Photo via Pixabay
Photo via Pixabay

A panel of Fourth District Court of Appeals justices reversed a white-collar fraud conviction in Orange County Wednesday, citing juror misconduct so blatant that it prompted them to consider new instructions to jurors.

The conviction of Gregory Albert Fernandez, who is now serving a seven- year sentence in home confinement, was reversed and sent back to a lower court for a new trial in an opinion handed down today.

The primary issue in the case was the jury forewoman doing research online about the case, something jurors are routinely warned not to do.

“A standard jury instruction tells jurors not to use the Internet in connection with the case on which they are sitting,” the justices wrote in the ruling. “But we live in an age in which information is as available as air. Jurors can look up aspects of a case when they get outside of the courtroom with just a few taps on their mobile phones. So we may have to give some thought to bolstering the instruction.”

Fernandez was the chief executive of a Yorba Linda-based investment firm accused of defrauding an investor. During the trial, jurors wondered about what role the firm’s accountant played in the alleged crime as the defense attorney, Michael Molfetta, fingered him for the wrongdoing, the justices wrote.

Molfetta argued the accountant ripped off the investor, not his client Fernandez, who he said was unaware of what happened with the investor’s money.

While deliberating, the jury forewoman did an online search of the accountant and found information from a civil proceeding, which she apparently confused with a criminal case.

The woman “thought she had discovered a legal proceeding showing the accountant and the defendant had defrauded (the investor)… and that the accountant had been ‘convicted’ of it, but somehow the case got waylaid because of some timing issue,” the justices wrote.

But it was a “civil case that came up on demurrer, so its statement of facts assumed the allegations of the complaint were true, and those allegations were certainly not kind to the defendant,” the justices wrote.

The jury misconduct came to light after the verdict. Orange County Superior Court Judge William Froeberg, who has since retired, “concluded there was no actual prejudice from the juror’s misconduct,” so a motion for a new trial was denied, according to the justices.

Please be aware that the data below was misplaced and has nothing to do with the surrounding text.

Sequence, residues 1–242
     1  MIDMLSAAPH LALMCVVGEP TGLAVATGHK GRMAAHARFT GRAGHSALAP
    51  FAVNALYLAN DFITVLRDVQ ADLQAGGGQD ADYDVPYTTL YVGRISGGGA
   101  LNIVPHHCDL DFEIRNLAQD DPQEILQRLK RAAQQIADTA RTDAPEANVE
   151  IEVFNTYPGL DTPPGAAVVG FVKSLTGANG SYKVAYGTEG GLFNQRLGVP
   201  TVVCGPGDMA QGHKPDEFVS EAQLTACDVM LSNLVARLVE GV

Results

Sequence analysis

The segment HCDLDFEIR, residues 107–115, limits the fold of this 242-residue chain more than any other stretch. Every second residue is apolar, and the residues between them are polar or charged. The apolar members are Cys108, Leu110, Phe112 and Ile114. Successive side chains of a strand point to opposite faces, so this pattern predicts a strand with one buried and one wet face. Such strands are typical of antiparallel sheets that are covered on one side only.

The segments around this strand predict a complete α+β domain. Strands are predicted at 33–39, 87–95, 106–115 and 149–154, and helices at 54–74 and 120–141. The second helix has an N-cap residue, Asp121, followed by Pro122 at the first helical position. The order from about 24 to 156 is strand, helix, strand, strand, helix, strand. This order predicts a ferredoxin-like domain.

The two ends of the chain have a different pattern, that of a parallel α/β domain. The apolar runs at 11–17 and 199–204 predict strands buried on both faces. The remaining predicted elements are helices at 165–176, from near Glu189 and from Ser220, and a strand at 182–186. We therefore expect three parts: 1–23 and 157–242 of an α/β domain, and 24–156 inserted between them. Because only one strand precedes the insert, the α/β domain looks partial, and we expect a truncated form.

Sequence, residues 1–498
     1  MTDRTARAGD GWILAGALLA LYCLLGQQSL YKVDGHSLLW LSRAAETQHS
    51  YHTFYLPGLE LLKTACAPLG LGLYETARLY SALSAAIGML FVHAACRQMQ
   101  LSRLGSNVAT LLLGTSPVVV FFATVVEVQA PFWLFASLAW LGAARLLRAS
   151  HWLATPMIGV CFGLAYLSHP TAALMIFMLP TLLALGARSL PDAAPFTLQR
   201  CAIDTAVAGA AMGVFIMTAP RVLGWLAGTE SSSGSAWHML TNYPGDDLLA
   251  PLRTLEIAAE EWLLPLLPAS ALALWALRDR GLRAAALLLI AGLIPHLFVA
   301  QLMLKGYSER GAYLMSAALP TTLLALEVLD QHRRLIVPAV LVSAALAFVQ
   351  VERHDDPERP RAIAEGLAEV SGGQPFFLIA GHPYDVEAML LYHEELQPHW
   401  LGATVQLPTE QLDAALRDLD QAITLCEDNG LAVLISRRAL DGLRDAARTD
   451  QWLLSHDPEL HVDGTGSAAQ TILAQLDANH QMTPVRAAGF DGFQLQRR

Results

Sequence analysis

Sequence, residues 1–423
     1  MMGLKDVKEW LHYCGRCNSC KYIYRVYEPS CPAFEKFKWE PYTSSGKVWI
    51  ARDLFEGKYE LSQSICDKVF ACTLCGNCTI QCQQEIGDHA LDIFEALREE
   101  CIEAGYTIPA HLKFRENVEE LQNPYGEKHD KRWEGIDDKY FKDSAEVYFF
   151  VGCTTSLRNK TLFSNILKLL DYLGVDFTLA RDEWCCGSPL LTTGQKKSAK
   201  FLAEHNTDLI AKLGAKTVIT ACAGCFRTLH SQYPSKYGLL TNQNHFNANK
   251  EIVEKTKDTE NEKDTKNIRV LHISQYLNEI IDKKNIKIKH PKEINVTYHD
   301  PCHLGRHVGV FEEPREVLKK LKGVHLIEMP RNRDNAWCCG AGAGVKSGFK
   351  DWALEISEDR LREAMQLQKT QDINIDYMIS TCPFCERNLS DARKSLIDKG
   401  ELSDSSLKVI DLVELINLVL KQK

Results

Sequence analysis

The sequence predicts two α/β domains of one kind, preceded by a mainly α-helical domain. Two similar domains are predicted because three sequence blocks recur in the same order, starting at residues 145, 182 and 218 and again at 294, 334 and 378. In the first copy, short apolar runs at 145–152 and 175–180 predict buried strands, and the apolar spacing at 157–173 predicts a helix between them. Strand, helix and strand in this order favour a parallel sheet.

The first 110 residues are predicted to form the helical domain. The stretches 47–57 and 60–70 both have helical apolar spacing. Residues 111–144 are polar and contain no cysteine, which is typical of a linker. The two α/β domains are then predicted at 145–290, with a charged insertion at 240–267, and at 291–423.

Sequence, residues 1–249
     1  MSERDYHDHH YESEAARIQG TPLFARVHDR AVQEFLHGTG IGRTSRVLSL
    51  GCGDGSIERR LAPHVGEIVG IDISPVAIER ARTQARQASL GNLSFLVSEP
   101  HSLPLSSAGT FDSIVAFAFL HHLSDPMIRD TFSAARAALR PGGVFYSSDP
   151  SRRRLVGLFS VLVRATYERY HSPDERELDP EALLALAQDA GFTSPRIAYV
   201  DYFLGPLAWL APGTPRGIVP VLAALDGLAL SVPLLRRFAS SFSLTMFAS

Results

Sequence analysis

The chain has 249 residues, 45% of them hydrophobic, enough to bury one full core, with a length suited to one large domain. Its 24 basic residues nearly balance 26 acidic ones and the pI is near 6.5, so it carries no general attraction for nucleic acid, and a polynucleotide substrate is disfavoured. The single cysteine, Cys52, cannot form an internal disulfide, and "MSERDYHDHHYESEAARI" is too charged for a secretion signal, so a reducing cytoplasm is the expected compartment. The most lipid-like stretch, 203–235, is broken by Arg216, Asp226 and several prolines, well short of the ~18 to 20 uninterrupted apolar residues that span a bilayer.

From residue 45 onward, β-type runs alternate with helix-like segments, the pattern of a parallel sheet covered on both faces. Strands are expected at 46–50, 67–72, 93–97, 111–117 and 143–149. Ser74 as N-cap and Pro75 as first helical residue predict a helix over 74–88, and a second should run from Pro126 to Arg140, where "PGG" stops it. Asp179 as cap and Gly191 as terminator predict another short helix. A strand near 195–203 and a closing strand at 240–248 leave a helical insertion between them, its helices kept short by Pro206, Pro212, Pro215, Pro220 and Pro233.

“But what the juror herself said she had found — the extraneous information to which she exposed herself — was inherently and substantially likely to have prejudiced her,” the justices wrote. “The juror said she learned the defendant had committed fraud against (the victim), and it was (the victim’s) financial losses that were the very basis of the case.”

Jurors deadlocked on a grand theft charge and four counts of scheming to defraud, but they found the defendant guilty of fraudulently selling unqualified securities and selling unqualified securities without an exemption. The counts that the jury deadlocked on were later dismissed.

Molfetta told City News Service he was “extremely happy” for his client, “who I always felt was wrongfully convicted by a jury whose arrogance was only surpassed by their ignorance.”

The defense attorney added that jurors “ignored their oath and their duty and followed the foreperson who did research during the trial, and told them all that she had done so. Then when this high school science teacher was called on it she flippantly agreed that she ignored her oath, offering only that ‘I am a researcher, that’s what I do.”‘

The errant juror “has cost the county a lot of time and money because she simply did not know what it meant to make a promise (her oath), and then keep it,” Molfetta said. “She should join the area kindergartners who master those skills long before they are eligible for jury duty, and they do it without ever having to research the concepts.”

–City News Service

Leave a comment

Your email address will not be published.